Cultivation/Culturing of Bacteria
• A microbial culture, is a method of
multiplying microorganisms by letting them
reproduce in predetermined culture
media under controlled laboratory conditions.
• Microbial cultures are used to determine the
type of organism, its abundance in the sample
being tested, or both.
Purpose of culturing
• Isolation of bacteria.
• Properties of bacteria i.e. culturing bacteria is the initial step
in studying its morphology and its identification.
• Maintenance of stock cultures.
• Estimate viable counts.
• To test for antibiotic sensitivity.
• To create antigens for laboratory use.
• Certain genetic studies and manipulations of the cells also
need that bacteria to be cultured in vitro.
• Culturing on solid media is another convenient way of
separating bacteria in mixture.
An artificial culture media must provide similar environmental
and nutritional conditions that exist in the natural habitat of a
A culture medium contains water, a source of carbon & energy,
source of nitrogen, trace elements and some growth factors.
The pH of the medium must be set accordingly.
Enrich the number of bacteria.
Select for certain bacteria and suppress others.
Differentiate among different kinds of bacteria.
• In the laboratory bacteria are isolated and
grown in pure culture in order to study the
functions of a particular specie.
• A pure culture is a population of cells or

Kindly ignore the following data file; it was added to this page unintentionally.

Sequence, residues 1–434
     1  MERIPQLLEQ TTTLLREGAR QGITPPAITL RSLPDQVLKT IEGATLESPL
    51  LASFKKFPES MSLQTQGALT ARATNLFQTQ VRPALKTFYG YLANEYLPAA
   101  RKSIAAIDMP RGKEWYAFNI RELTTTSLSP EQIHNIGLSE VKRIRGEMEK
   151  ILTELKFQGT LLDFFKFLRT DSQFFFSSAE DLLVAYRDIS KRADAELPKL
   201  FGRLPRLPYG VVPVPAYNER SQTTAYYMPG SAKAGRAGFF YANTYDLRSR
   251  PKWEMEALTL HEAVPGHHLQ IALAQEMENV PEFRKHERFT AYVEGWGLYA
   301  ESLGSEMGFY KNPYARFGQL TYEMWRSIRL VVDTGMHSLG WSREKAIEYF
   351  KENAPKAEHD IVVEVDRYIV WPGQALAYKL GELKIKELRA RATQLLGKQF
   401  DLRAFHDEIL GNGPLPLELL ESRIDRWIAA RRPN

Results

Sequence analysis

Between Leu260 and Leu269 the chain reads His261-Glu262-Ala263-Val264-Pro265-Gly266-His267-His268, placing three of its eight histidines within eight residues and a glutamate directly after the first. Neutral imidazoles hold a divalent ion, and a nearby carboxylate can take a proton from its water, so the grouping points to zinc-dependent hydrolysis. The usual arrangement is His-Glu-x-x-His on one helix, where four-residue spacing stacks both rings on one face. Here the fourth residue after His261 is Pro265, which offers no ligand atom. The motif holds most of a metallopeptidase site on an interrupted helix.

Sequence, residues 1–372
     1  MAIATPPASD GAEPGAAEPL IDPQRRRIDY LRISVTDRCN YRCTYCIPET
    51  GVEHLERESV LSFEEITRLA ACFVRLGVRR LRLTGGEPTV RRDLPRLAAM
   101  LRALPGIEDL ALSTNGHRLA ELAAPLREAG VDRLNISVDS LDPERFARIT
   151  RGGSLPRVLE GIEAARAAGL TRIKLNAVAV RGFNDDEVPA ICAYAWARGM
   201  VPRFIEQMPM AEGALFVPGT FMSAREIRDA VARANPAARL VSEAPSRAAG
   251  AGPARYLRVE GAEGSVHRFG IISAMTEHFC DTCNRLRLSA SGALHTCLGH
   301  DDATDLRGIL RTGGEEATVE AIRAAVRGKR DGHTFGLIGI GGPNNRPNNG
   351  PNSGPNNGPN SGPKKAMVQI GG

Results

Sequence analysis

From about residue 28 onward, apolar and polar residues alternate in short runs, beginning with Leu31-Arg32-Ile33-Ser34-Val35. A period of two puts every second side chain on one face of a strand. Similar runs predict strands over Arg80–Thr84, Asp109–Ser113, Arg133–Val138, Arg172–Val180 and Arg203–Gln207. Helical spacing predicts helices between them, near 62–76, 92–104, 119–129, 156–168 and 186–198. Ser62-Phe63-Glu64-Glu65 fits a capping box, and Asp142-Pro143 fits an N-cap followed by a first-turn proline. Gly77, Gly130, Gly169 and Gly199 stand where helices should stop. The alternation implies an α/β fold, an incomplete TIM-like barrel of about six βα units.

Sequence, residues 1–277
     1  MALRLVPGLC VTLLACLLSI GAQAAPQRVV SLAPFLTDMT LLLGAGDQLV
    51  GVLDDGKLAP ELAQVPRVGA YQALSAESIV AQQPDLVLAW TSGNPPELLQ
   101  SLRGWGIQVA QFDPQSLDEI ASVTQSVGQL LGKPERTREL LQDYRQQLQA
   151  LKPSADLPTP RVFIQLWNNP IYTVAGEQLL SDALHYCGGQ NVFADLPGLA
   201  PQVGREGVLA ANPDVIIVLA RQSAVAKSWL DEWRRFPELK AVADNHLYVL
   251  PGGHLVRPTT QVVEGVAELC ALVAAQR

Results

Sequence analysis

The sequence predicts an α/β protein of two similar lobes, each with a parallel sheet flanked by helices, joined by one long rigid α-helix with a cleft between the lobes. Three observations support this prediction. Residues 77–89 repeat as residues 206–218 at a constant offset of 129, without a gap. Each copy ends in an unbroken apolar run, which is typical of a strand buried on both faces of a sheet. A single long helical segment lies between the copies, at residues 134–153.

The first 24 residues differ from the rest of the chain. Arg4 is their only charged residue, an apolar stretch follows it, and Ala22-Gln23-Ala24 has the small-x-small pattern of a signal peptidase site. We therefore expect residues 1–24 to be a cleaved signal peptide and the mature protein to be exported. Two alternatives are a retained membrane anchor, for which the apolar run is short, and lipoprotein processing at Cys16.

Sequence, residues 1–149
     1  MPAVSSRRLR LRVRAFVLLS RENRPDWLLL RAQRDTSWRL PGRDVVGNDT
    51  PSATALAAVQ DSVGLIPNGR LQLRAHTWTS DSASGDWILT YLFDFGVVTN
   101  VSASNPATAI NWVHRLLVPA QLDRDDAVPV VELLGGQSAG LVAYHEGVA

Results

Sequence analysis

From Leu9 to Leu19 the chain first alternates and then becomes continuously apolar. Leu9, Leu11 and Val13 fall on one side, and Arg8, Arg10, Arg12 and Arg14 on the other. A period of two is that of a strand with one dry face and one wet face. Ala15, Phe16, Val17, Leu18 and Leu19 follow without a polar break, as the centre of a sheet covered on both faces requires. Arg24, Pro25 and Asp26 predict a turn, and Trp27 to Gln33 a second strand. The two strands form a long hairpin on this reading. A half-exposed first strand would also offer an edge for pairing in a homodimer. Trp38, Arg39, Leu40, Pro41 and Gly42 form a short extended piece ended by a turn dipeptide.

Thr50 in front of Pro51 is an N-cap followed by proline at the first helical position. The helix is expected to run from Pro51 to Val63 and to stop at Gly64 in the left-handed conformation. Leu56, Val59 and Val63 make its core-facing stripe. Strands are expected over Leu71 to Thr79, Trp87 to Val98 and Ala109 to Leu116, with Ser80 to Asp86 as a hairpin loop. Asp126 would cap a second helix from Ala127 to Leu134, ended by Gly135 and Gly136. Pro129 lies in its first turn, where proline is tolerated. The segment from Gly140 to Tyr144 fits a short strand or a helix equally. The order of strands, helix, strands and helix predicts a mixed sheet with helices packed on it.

growing in the absence of other species or
types. A pure culture may originate from a
single cell or single organism, in which case
the cells are genetic clones of one another.
• Pure cultures are obtained by using variety of special
techniques. All glassware, media and instruments
must be sterilized i.e. aseptic techniques are used for
obtaining pure cultures.
• Basic requirement for obtaining a pure culture are
solid medium, a media container that can be
maintained in an aseptic condition and a method to
separate individual cell.
• A single bacterium, supplied with right nutrients, will
multiply on the solid medium in a limited area to
form a colony, which is a mass of cells all descended
from the original one.
• Agar, a polysaccharide extracted from marine algae,
is used to solidify a specific nutrient solution.
• Unlike other gelling agent, it is not easily degraded
by many bacteria.
• It is not easily destroyed at higher temperatures, and
therefore it can be sterilized by heating, the process
which also liquefies it.
• Once solidified, agar medium will remain solid until
The culture media is contained in a Petri dish, a two
part, glass or plastic covered container.
Classification of Culture Media
• Bacterial culture media can be classified in at
least three ways.
2. Nutritional component
3. Functional use
Classification based on consistency
1. Liquid media.
2. Solid media.
3. Semi solid media.
Classification based on consistency:
A. Liquid media: These are available for use in test-tubes, bottles or flasks.
Liquid media are sometimes referred as “broths” (e.g nutrient broth). In
liquid medium, bacteria grow uniformly producing general turbidity. No
agar is added. Mostly used for inoculums preparation.
B. Solid media: An agar plate is a Petri dish that contains a growth medium
(typically agar plus nutrients) used to culture microorganisms. 2% of
agar is added. Agar is the most commonly used solidifying agent. Colony
morphology, pigmentation, hemolysis can be appreciated. Examples
include Nutrient agar and Blood agar.
C. Semi-solid media: Such media are fairly soft and are useful in
demonstrating bacterial motility and separating motile from non-motile